Thursday, 30 April 2020
A Guide to Eco-Anxiety by Anouchka Grose
Subtitled How to Protect the Planet and Your Mental Health, this book sets out to answer the question: If the very planet we live on seems to be on course for total ecological collapse, how can any of us hope to keep going? While the book only mentions COVID_19 very briefly (it was written before the pandemic hit) much of the content is very relevant to coping with the anxiety many people are feeling about the coronovirus pandemic.
Anouchka Grose is a psychoanalyst and offers easily understandable definitions of what anxiety is and looks at the physiological basis for the feelings. She outlines how anxiety can be used to inform our actions but also shares ideas, including meditation, therapy and medication, for preventing anxiety from taking over. Climate grief is a fear of losing our current way of life and anxiety may well be the sane response to the situation we live in. Can we find a middle ground between climate related nervous breakdown and climate denial? Grose offers insights into why we may treat the earth so badly. looks at two alternative ways of dealing with this grief, the political and the psychoanalytical.
This book gives a condensed history of early approaches to environmentalism and why they failed, most sobering of these failures being the lack of long term impact from the first Earth Day in 1970. Grose also looks at contemporary thinkers such as ornithologist Janis Dickinson whose work addresses environmental issues and mental wellbeing issues together, such as encouraging urban gang members to redirect their energies into conservation work. Dickinson's work also inspired Grose to install a birdfeeder outside her consulting room, which both she and her patients benefit from.
Grose offers advice on how can we manage our feelings in the face of ecological catastrophe; useful attitudes to adopt (such as curiosity, generosity, social engagement, ingenuity, honesty and an active hope). She asserts that if we understand more of our unconscious drives, we may become less likely to act unthinkingly in ways that damage our environment. She urges us to be kind to ourselves, pointing out that none of us can do everything and feeling guilty doesn't help anyone. She suggests that while much mental health advice focuses on extroverts, the quiet power of the introvert could prove very valuable in the looming climate crisis.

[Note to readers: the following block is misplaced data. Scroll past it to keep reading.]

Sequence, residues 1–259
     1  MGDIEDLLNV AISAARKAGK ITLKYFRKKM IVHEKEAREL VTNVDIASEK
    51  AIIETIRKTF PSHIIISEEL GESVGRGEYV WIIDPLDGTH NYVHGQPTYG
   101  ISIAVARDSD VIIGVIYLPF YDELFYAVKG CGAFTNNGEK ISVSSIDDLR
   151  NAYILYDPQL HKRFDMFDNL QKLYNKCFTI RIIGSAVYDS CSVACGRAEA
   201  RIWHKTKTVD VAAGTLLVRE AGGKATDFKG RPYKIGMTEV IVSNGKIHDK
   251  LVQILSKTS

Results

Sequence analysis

She also discusses practical approaches to reducing our personal environmental impact at home, in our gardens, at work and when travelling. She advises how to do enjoy the things you enjoy (for example clothes, food, hobbies) in more eco-friendly ways, often in ways that are less well known (for example she offers some particularly useful advice on how to make tights last longer). Occasionally, however she leans so far towards laissez-faire environmentalism it seems almost no environmentalism at all ("If you LOVE steak, and can handle the idea of a cow being killed and rainforests cut down to clear land for the sake of your enjoyment, maybe it’ll be better for you in the long run to allow yourself to eat it seems a total cop out, though at least she does then say "consciously choosing cows who have at least lived more locally to you". Livestock farming can indeed be eco-friendly (see my review of the film The Biggest Little Farm) but large scale ranching is so damaging that any environmentalist should know never to eat meat that has been shipped in from former rainforests.
Grose picks up on specific issues and situations from across the globe. For example, climate change impacts on travel in Greenland mean that people are becoming isolated, leading to increased depression and causing a rise in the rate of suicides. The current lockdown is certain to be having similar negative effects on people's mental health and well-being.
We live in a world in crisis and it can be very challenging to maintain good feelings of mental and emotional wellbeing. This book does a good job of helping the reader to understand more about eco-anxiety and to find practical ways to manage anxiety about climate change. And it's important to remember as Grose says: "Don’t let environmentalism frighten you into a lacklustre existence. A responsible life can still be utterly brilliant."
A Guide to Eco-Anxiety by Anouchka Grose published (2020) by Watkins.
Disclaimer: I received a free e-copy of the uncorrected proof of this book in return for an honest review.
And if you're interested in the specific effects of COVID_19 on mental well being, you may be interested in this article by Gary Greenberg on the Guardian website.